Back in March, Rapid City Journal columnist Janette McIntyre tried to defend HB 1234, Governor Daugaard's education reform package. Like most defenders of HB 1234, she failed, having to resort to inaccurate statements and ad professionem attacks on teachers and bogeyman scare tactics about lawyers and unions.

Janette McIntyre has since realized that defending HB 1234 is hopeless. After just a couple weeks of feedback from readers who disagreed with her, McIntyre declared fatwa on HB 1234:

Have you ever felt liberated when you said you were wrong and really meant it?

Well, I was wrong. The education establishment and everyone else should want the governor's education bill killed one way or another [Janette McIntyre, "Ask Why Superintendents Against Referendum," Rapid City Journal, 2012.04.11].

Somewhat hilariously, McIntyre claims that the real reason she came to Jesus on HB 1234 is that she heard superintendents opposing the referendum for fear that it might hinder their ability to pass the sales-tax initiative and get more funding for the schools. McIntyre may hate teachers, but she hates taxes worse, so the enemy of her enemy becomes her friend. Congratulations, Superintendent Graves! By flacking for the Governor's plan, you helped convince someone else to oppose it!

McIntyre straightens her views out more in her April 25 column, wherein she calls Governor Daugaard's plan the wrong approach:

Gov. Dennis Daugaard's latest attempt with serious arm twisting pitted good teachers against good teachers. I defended his stand originally to give teachers a raise thinking at least a few of them would be making more money. It was the wrong approach [Janette McIntyre, "Merging School Districts an Answer," Rapid City Journal, 2012.04.25].

McIntyre reverses her April 11 contention that South Dakota's K-12 schools are broken. She now admits that there isn't really a major problem requiring HB 1234's ministrations:

First, teachers are doing an excellent job teaching the children in South Dakota. The statistics prove it. It does not matter if it is the comparison on ACT tests or testing at lower grades. Our students come out above the national average.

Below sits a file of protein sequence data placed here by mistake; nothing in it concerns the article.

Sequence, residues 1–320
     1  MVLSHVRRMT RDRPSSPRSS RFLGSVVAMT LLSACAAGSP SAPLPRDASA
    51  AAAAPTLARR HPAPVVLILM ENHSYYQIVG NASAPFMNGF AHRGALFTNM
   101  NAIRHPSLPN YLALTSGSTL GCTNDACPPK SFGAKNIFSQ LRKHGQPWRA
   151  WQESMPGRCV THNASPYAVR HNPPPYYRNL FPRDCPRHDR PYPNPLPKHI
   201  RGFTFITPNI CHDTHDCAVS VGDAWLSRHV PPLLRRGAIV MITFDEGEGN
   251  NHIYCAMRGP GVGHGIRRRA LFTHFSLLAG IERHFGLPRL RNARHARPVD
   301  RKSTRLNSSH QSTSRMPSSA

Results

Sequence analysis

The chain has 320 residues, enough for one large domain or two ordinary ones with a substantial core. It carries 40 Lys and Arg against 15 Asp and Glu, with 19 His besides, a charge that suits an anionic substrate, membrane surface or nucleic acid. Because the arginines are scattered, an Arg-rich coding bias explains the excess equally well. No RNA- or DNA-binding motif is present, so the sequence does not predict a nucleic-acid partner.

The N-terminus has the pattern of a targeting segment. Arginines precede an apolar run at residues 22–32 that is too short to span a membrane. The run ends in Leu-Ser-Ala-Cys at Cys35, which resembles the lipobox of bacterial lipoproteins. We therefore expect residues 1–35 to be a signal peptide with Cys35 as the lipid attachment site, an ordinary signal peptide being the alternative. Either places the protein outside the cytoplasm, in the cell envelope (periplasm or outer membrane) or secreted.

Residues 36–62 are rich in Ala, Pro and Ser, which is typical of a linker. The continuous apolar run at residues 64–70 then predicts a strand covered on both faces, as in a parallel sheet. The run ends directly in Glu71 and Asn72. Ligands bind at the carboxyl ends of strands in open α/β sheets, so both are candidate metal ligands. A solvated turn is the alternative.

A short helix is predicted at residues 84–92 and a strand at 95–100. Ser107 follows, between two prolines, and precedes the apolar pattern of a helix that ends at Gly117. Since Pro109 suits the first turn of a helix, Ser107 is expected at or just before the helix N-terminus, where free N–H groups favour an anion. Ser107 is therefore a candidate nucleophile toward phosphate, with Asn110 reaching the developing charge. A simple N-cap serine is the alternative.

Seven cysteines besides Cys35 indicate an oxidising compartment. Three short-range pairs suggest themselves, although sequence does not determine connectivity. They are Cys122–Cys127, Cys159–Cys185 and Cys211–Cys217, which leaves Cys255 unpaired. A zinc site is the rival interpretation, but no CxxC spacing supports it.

That isn't happening because we have clean air and purified water running down Rapid Creek, it's the dedication of the teachers [McIntyre 2012.04.25].

McIntyre acknowledges that there are underperformers in every profession, but that principals and parents already have the ability to weed out the underperforming teachers. The real problem, says McIntyre, is paying all of South Dakota's dedicated teachers a competitive wage:

The problem is that under the current system — and by system I mean the unnecessary bureaucracy we have created — [teachers] are not even close to parity with their counterparts in adjoining states. That should embarrass all of us.

Those of us, and I admit I have had the same thoughts, too, who think that they only work nine months of the year, well, so do the teachers in other states. Frankly, most of us couldn't do their job, nor do we want it [McIntyre 2012.04.25].

That statement is a dramatic shift from McIntyre's April 5 statement that "Teachers are paid fairly, statewide and regionally."

McIntyre now contends that we should save money and raise pay for all teachers by consolidating school districts. I've heard calls for administrative consolidation from a number of petition signers. Consolidation has pros and cons; in some sparsely populated districts, it's unworkable.

HB 1234 has done all the work it should. It has inspired a lot of thought and conversation about what's really happening in our public schools. It has inspired people like McIntyre to get past teacher-bashing and easy rhetoric and look instead for real solutions. Now let's do what McIntyre says: kill HB 1234 and come back to the 2013 Legislative session with just and effective education policies.